I had a daughter who never became an adult woman and a son who never had a boyhood.
Until recently, this scenario would have felt like a riddle, but now many Americans eagerly track the ins-and-outs of Caitlin Jenner's life or know Laverne Cox made the cover of Time Magazine, so I rarely have to explain that I experienced this as a parent because my only child is a transgender man.
After many hard years together during his transition in high school and college, we settled into a respectful, loving space as a family. At least that's the story I tell myself most days.
But then a linguistics professor, who has an office across from mine at Central Connecticut State University, called me out on a verbal quirk.
"You always say 'My Donnie,' never him, my son, he."
Another riddle, this time with my own personal dictionary. Just when I think at the deepest levels I have let go of my daughter and fully embraced my trans son, I'm exposed.
I confessed to my colleague that I used to refer to my daughter affectionately as "my best girl" when she was very young. Even as a grammar school kid, she caught onto the joke, since she was my only child so of course she was the best. But now that she's not a she, the phrase hangs in my vocabulary like an old photograph. All that's left is "my."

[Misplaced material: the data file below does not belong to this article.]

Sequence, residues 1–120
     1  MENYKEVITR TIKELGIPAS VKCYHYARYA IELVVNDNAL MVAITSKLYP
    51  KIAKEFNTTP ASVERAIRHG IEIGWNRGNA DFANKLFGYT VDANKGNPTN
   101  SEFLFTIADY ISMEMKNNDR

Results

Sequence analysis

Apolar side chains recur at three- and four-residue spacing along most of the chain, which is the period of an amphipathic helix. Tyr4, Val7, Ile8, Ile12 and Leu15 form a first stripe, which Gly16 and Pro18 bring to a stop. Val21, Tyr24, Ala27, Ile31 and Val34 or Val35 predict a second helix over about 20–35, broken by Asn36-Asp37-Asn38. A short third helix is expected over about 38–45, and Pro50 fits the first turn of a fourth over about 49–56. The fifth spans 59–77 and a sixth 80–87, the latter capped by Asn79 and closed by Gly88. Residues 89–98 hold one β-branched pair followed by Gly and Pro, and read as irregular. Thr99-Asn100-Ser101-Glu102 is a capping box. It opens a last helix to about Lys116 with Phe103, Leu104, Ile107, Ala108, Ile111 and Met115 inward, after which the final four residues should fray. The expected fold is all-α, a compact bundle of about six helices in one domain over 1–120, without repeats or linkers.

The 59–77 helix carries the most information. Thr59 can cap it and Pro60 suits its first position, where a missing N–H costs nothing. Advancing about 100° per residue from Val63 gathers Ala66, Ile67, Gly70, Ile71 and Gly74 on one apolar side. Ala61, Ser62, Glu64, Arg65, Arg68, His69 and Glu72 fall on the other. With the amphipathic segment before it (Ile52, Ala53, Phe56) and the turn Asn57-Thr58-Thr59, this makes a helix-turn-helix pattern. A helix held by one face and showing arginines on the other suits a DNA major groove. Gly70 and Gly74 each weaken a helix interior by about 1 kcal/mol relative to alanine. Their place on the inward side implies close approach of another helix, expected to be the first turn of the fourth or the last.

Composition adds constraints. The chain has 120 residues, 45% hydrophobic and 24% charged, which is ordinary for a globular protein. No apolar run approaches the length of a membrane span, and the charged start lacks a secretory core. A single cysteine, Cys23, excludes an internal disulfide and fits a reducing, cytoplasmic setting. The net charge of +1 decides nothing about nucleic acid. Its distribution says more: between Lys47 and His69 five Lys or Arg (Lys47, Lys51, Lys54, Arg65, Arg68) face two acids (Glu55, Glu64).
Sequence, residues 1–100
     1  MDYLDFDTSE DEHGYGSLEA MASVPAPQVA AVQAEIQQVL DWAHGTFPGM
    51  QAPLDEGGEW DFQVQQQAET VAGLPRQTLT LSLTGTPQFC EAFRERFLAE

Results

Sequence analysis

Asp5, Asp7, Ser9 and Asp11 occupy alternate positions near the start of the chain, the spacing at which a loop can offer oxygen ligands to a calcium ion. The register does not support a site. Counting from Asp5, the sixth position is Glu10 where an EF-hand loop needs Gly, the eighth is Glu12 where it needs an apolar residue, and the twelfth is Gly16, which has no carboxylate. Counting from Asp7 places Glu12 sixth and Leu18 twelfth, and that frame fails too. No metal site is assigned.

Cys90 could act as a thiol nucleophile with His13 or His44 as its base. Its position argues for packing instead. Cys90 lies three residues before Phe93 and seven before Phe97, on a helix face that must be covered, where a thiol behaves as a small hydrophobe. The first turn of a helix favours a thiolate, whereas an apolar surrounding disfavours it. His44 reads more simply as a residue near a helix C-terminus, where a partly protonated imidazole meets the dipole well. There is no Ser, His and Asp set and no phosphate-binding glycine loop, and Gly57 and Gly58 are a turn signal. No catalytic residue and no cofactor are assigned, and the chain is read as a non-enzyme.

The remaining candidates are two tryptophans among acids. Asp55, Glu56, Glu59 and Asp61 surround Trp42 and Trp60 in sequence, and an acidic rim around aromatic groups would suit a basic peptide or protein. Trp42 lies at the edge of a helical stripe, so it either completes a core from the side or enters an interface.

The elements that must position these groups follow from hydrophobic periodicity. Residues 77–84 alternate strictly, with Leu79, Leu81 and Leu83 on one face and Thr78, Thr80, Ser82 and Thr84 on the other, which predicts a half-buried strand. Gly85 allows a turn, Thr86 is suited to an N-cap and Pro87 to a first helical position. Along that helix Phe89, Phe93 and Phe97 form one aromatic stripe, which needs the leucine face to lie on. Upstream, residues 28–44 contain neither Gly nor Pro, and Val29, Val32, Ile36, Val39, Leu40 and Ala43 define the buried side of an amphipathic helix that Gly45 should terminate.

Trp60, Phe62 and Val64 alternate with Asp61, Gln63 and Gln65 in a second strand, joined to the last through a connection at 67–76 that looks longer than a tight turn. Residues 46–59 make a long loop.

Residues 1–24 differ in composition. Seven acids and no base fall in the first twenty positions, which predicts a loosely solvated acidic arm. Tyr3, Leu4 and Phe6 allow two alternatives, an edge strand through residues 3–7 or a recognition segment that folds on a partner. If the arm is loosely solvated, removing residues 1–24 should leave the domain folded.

This entire exchange made me reflect on the many ways I play verbal gymnastics when it comes to talking about Donald. When I speak with people I don't know well or at all, I talk about his childhood and the times he picked blueberries at the lake or won some writing prize in grammar school. But if I am speaking with friends or family, I talk about J., my daughter, and say she picked blueberries at the lake and she won the writing prize at school.
On rare occasions, I might even say "J., now Donald, picked blueberries at the lake." I actually record the eight-year ordeal and transition that we went through in our family in an eight-word sentence. Of course, if I am speaking to someone who has no context about our backstory, they become confused. Most are too polite to inquire further, but flicker with bafflement.
Donald himself navigates this all more smoothly than me and seems to have firmly replaced the pronouns of his past, even as he keeps the particulars. He went to the lake each summer. End of story. In the collection of essays we exchange in our new book, he comments on how he sees his younger, female self almost like a sibling.
For the first four years of my daughter's life, I was a single parent living in Baltimore with no support from the biological father. I managed to stay-at-home with my baby--breastfeeding her, going on play dates with other moms, putting her down for a nap each afternoon for years--by freelance writing and editing for hire. Despite my isolating and financially strapped situation, I never gave up on my professional ambition to write books and began a project that explored changing expectations for girls at home in the U.S. based on diaries and other primary source material I found at Radcliff's library in Boston.